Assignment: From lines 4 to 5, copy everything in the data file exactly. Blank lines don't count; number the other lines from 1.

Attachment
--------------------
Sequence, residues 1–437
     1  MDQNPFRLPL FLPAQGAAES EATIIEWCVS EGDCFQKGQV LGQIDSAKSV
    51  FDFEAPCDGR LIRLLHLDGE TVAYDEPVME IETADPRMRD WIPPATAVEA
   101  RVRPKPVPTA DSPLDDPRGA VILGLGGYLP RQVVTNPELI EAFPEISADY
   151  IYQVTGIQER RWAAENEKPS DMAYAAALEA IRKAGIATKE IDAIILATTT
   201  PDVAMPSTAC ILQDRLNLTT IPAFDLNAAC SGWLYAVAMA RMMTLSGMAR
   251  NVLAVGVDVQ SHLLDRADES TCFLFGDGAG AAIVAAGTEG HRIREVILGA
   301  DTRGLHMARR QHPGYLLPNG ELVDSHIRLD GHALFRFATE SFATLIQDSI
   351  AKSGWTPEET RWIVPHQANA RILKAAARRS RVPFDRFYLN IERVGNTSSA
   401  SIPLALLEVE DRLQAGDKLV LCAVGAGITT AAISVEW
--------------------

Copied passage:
   101  RVRPKPVPTA DSPLDDPRGA VILGLGGYLP RQVVTNPELI EAFPEISADY
   151  IYQVTGIQER RWAAENEKPS DMAYAAALEA IRKAGIATKE IDAIILATTT